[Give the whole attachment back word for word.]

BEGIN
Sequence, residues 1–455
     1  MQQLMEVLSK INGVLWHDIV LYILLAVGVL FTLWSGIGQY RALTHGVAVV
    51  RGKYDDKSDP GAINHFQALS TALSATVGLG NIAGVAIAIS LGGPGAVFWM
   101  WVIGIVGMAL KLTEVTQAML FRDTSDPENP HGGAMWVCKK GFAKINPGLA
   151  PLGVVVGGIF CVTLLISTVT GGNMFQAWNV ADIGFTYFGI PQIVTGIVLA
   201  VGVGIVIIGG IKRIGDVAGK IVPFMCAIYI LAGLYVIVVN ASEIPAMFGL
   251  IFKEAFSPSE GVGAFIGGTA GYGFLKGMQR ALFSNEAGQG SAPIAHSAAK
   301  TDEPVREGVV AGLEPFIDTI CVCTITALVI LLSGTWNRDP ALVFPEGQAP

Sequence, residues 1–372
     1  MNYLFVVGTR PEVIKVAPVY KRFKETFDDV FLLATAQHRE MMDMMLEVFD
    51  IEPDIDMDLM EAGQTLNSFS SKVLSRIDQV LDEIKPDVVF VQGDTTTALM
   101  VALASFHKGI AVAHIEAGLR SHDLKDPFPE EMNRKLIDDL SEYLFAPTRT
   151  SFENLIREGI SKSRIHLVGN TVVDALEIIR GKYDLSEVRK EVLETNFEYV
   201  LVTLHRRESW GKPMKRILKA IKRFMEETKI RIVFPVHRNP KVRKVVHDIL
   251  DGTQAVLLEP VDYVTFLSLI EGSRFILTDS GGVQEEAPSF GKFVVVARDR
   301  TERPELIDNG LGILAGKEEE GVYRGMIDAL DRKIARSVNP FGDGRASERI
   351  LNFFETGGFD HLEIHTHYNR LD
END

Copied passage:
Sequence, residues 1–455
     1  MQQLMEVLSK INGVLWHDIV LYILLAVGVL FTLWSGIGQY RALTHGVAVV
    51  RGKYDDKSDP GAINHFQALS TALSATVGLG NIAGVAIAIS LGGPGAVFWM
   101  WVIGIVGMAL KLTEVTQAML FRDTSDPENP HGGAMWVCKK GFAKINPGLA
   151  PLGVVVGGIF CVTLLISTVT GGNMFQAWNV ADIGFTYFGI PQIVTGIVLA
   201  VGVGIVIIGG IKRIGDVAGK IVPFMCAIYI LAGLYVIVVN ASEIPAMFGL
   251  IFKEAFSPSE GVGAFIGGTA GYGFLKGMQR ALFSNEAGQG SAPIAHSAAK
   301  TDEPVREGVV AGLEPFIDTI CVCTITALVI LLSGTWNRDP ALVFPEGQAP

Sequence, residues 1–372
     1  MNYLFVVGTR PEVIKVAPVY KRFKETFDDV FLLATAQHRE MMDMMLEVFD
    51  IEPDIDMDLM EAGQTLNSFS SKVLSRIDQV LDEIKPDVVF VQGDTTTALM
   101  VALASFHKGI AVAHIEAGLR SHDLKDPFPE EMNRKLIDDL SEYLFAPTRT
   151  SFENLIREGI SKSRIHLVGN TVVDALEIIR GKYDLSEVRK EVLETNFEYV
   201  LVTLHRRESW GKPMKRILKA IKRFMEETKI RIVFPVHRNP KVRKVVHDIL
   251  DGTQAVLLEP VDYVTFLSLI EGSRFILTDS GGVQEEAPSF GKFVVVARDR
   301  TERPELIDNG LGILAGKEEE GVYRGMIDAL DRKIARSVNP FGDGRASERI
   351  LNFFETGGFD HLEIHTHYNR LD